next up previous contents
Next: Letters about Wester's Up: Talking about Chance Previous: Birth of a

Derive Session

I introduce a utility function Y_(f,x,), the purpose of which is to compute the value of the function at . In many utility files that come along with the software the trick to achieve this is to compute the limit of the expression at . However, I prefer to use the ITERATE command in the following way:

#1:  Y_(f,x,alpha) := ITERATE(f,x,alpha,1)
The utility function can be used to compute the convolution product of two functions f and g:

#2:  CONV(f,g,x):=INT(Y_(f,x,t)*Y_(g,x,x-t),t,-inf,inf)
The probability density function of adding f n times can be recursively computed in Derive by the following procedure.
#3:  DEN_SUM(n,f,x):=IF(n=1,f,CONV(DEN_SUM(n-1,f,x),f,x))
The standard uniform distribution is available in Derive.
#4:  U(x):=CHI(0,x,1)

Below you see a screen dump in which I compute DEN_SUM(n,U(x),x) for n=1,2,3.

 
Figure 7.1: for n=1,2,3 

In Figure 7.2 you see the results for adding 4 and 5 times. The best result is obtained after applying the Factor command once or twice on the intermediate reult of simplifying DEN_SUM(4,U(x),x) and DEN_SUM(5,U(x),x).

 
Figure 7.2: for n=4,5 

You may recognize Pascal's triangle and conjecture the same general formula as I do:

In Derive I author this formula as the function UN(n,x):

#18: UN(n,x):=1/(2(n-1)!)*SUM((-1)^k*COM(n,k)*SIGN(x-k)*(x-k)^(n-1),k,0,n)

Now the proof by induction can start. First the check that UN(1,x)=U(x).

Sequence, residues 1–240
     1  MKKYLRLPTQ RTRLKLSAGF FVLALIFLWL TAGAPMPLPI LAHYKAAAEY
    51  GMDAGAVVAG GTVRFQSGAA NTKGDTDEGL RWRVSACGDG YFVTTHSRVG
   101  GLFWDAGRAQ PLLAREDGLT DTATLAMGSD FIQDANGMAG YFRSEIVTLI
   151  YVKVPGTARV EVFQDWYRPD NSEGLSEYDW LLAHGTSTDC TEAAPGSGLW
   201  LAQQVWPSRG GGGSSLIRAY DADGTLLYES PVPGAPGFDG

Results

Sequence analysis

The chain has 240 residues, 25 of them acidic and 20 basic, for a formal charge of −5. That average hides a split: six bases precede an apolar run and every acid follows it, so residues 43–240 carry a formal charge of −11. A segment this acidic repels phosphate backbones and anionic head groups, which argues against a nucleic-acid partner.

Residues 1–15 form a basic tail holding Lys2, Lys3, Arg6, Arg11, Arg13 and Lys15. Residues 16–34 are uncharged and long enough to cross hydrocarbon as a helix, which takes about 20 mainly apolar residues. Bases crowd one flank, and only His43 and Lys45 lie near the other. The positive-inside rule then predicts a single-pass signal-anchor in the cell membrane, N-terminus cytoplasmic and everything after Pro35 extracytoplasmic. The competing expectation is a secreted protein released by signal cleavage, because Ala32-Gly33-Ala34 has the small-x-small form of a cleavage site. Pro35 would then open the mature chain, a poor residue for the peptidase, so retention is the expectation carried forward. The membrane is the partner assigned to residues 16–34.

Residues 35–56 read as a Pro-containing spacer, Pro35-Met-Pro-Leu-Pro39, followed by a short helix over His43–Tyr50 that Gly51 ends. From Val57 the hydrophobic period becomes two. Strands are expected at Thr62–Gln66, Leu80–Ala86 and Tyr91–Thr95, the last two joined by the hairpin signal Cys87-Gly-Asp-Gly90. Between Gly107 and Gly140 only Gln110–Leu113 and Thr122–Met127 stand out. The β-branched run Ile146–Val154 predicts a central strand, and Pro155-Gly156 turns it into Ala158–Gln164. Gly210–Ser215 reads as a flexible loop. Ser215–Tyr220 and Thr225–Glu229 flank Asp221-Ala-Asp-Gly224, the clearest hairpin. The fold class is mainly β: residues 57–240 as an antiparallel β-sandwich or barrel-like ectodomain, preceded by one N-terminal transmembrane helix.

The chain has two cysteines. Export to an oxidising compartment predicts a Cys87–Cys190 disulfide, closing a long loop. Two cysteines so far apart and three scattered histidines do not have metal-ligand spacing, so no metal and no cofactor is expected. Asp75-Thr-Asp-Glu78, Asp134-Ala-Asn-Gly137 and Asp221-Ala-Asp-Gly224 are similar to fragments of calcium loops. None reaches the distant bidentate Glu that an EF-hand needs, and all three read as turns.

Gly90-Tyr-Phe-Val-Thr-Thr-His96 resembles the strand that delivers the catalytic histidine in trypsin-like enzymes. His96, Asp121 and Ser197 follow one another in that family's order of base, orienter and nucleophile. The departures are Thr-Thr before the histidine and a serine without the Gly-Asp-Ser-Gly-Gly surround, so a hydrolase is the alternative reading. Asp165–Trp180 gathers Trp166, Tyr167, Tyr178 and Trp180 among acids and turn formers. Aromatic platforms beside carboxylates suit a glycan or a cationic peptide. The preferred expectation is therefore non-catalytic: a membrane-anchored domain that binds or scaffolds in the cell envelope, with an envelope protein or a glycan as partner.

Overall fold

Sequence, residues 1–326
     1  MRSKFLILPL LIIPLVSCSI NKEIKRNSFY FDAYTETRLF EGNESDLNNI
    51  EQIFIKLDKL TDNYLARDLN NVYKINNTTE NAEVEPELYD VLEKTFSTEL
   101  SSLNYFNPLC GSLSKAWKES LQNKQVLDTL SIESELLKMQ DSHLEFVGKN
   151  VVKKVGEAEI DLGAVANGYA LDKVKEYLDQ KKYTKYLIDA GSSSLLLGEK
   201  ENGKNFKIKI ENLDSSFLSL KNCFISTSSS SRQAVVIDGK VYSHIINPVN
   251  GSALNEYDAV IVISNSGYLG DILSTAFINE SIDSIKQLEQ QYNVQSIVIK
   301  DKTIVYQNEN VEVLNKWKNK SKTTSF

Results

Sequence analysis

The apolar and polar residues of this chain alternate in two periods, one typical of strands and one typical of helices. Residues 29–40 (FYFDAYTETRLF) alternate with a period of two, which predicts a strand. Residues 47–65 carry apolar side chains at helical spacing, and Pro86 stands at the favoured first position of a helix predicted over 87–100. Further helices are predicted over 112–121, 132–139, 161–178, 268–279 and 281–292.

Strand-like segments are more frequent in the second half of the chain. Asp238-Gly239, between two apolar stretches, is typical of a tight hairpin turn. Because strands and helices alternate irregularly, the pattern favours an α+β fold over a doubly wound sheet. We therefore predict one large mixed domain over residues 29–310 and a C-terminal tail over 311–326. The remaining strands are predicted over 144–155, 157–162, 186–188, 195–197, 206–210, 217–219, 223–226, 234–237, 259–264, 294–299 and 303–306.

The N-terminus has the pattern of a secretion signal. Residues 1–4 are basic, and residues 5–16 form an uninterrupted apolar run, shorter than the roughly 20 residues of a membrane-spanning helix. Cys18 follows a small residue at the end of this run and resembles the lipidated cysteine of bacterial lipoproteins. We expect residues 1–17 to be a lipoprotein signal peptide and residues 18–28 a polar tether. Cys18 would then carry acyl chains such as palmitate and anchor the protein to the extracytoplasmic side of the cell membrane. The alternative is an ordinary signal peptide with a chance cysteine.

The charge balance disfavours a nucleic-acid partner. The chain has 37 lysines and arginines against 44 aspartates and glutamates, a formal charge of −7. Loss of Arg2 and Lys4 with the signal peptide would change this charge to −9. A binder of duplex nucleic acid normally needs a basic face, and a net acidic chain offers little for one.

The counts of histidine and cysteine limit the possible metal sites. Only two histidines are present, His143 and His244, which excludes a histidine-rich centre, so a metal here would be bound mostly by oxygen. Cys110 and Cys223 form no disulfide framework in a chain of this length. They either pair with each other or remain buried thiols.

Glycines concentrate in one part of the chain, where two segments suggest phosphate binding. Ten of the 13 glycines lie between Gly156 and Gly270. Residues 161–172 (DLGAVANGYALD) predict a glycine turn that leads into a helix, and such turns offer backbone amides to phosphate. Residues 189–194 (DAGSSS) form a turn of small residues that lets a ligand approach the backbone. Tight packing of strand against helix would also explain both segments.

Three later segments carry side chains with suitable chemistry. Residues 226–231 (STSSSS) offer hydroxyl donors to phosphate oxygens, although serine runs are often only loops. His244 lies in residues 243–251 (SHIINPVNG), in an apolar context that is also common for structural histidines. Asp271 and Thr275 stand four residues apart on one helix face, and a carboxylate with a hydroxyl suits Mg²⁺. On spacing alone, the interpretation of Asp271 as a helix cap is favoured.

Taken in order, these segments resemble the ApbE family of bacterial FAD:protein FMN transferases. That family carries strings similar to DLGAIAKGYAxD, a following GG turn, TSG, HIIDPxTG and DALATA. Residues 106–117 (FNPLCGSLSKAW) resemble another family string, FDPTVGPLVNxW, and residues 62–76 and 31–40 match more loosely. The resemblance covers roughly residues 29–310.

#19: U(x) - UN(1,x) = 0
Supposing that the formula holds for n I can compute
#20: CONV( UN(n,x), U(x) )
The result of simplification is partly shown on line #21 in Figure 7.3.

 
Figure 7.3: Proof by induction 

What are in short the steps I take above? Well, Fiddling with the F3 key and with manual changes in the Author and Build command lines the intermediate result is rewritten as the formula in line #22. The steps are omitted but I combine integrals and sums, and I interchange summation and integration. In Figure 7.4 below you see that the integration interval is restricted to on the basis of elementary properties of the SIGN function. Derive can compute the integral and with a bit of help in the handling of sums --- intermediate results are in line #25 and #26 --- I find the formula of line #27:

I can verify with Derive that this is indeed equal to UN(n+1,x):

 
Figure 7.4: Proof by induction (continued) 

 
Figure 7.5: Proof by induction (continued) 



next up previous contents
Next: Letters about Wester's Up: Talking about Chance Previous: Birth of a



Andre Heck
Sun Apr 23 10:32:10 MDT 1995